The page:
Unstable and slippery
Shortly after the Kaseya attack, in late 2021, REvil appeared to shut up shop, following leakages of information from their hacked data site and increased pressure from law enforcement.
However ransomware groups such as REvil are notoriously unstable and slippery. Various factors contribute to this instability, including law enforcement pressure and greed. There’s little honour among this species of cyber “thieves” when personal survival and enrichment are at stake. The RaaS model also relies upon loose networks of associates that inevitably change over time.
Further evidence REvil was in retreat came in January 2022, just a month before Russia’s invasion of Ukraine. Russian law enforcement authorities announced they had arrested some 14 alleged members of REvil.
For a brief time, Western observers hoped the Russian action might be effective in constraining future ransomware attacks by the group.
But since the invasion in February this year, any pretence of cross-border cooperation in tackling these Russian groups has evaporated. Moreover, those arrested are believed now to likely be free and back in business.
Russian ransomware groups have close informal links to Russian security agencies such as FSB, the Russian internal security agency. These links provide the group (and other Russian cybercrime groups) a degree of licence to carry on their activities on the strict understanding their targets must lie outside Russia.
In some cases, although not so clearly in the case of REvil, these groups have expressed geopolitical motivations, directing cyber attacks against Ukrainian targets and those of countries seen to be supporting Ukraine. The Conti ransomware group is an example here of a group that publicly declared its support for Russia over Ukraine.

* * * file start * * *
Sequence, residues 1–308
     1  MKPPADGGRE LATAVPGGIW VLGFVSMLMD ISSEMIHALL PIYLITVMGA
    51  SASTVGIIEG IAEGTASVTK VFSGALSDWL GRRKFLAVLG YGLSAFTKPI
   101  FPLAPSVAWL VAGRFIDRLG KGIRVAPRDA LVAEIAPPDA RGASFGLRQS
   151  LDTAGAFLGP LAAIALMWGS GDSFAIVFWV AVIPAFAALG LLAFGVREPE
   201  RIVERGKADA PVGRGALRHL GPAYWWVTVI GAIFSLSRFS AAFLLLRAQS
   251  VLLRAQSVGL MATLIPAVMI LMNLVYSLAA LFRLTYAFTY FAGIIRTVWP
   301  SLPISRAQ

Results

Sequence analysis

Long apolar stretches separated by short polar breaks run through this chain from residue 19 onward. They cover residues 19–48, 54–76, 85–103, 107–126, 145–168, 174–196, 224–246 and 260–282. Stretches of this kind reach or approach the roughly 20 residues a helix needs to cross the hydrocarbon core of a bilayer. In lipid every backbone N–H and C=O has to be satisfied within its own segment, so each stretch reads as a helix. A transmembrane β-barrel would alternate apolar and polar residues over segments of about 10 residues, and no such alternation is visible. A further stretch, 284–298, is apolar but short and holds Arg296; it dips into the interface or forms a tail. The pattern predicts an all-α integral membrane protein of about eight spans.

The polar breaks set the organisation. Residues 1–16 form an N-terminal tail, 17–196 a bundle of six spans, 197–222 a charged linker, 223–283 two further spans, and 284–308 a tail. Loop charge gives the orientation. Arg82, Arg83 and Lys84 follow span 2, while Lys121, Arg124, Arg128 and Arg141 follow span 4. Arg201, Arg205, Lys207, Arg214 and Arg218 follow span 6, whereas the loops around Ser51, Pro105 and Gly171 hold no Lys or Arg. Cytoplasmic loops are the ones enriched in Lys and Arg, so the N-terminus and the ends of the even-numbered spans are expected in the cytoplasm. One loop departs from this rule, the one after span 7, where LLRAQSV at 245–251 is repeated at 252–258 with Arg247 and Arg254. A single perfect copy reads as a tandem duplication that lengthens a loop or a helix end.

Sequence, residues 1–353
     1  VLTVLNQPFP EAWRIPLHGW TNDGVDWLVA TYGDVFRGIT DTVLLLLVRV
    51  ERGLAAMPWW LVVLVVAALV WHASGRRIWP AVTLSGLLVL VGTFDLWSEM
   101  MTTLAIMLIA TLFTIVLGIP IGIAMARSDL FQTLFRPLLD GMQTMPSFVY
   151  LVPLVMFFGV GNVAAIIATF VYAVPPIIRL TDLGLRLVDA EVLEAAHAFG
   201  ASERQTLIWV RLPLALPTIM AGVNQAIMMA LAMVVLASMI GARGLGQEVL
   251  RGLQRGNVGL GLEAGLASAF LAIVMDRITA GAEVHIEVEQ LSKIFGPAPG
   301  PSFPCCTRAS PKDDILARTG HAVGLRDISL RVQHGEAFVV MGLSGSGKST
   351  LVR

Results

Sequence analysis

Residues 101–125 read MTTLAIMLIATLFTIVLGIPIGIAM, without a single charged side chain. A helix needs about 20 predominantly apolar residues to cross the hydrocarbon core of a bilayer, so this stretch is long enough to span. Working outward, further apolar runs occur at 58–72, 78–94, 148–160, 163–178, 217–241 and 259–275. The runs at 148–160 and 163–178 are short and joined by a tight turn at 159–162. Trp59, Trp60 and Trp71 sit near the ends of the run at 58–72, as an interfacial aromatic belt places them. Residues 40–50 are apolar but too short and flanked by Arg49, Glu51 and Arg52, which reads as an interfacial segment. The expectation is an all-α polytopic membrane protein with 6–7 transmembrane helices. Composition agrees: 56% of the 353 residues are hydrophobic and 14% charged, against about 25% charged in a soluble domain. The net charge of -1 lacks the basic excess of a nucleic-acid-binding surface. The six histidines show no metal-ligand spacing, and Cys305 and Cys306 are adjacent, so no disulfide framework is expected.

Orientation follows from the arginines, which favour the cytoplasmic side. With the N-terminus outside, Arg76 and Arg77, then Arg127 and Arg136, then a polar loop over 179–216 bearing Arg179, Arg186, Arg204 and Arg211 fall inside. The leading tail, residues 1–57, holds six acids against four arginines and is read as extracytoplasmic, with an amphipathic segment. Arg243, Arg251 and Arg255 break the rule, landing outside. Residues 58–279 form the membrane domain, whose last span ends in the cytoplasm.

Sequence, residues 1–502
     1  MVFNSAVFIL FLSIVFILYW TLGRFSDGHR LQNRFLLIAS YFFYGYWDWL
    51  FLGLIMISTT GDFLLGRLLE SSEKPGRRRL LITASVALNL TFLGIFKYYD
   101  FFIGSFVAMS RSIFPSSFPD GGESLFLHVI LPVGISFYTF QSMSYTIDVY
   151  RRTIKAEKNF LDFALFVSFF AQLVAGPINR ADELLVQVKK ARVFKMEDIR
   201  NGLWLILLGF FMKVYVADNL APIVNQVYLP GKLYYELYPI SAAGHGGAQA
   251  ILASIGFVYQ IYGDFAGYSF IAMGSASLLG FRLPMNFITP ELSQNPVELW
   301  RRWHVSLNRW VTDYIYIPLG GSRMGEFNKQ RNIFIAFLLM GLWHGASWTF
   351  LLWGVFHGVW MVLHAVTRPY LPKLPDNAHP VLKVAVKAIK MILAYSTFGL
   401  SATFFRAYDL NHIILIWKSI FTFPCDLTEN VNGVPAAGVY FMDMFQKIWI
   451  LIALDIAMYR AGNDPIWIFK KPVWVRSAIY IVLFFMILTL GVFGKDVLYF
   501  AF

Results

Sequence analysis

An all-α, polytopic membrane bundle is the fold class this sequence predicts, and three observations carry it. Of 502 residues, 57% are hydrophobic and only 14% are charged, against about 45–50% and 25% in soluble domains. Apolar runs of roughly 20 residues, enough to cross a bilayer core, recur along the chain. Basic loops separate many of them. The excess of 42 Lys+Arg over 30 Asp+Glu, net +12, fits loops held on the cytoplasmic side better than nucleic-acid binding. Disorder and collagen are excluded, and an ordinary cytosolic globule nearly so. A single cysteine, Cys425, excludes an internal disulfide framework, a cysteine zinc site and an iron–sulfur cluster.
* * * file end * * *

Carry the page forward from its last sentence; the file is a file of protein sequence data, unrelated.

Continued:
In the Medibank example, the group behind it appears simply driven by financial gain. Medical facilities such as hospitals have proven popular targets for ransomware groups because of their sensitive information holdings and hence vulnerability to pressure to pay.
It seems REvil, or at least a close genetic descendant, is back in business. What we’re currently seeing is consistent with prior experience with this group: appearing, disappearing and reappearing, sometimes in a slightly altered shape.
Dealing with it is difficult, a bit like a game of whack a mole – the offenders all too easily disappear and then pop up somewhere else.
The root causes of ransomware today can be political as well as economic, making effective inter-country cooperation against Russian-affiliated groups almost impossible.
This article draws upon work undertaken with my colleague David Wall (University of Leeds) examining the weaponisation of ransomware in relation to the Russia/Ukraine conflict. This work is currently in draft report form with the sponsoring organisation, the Global Initiative against Transnational Crime, Vienna and Geneva.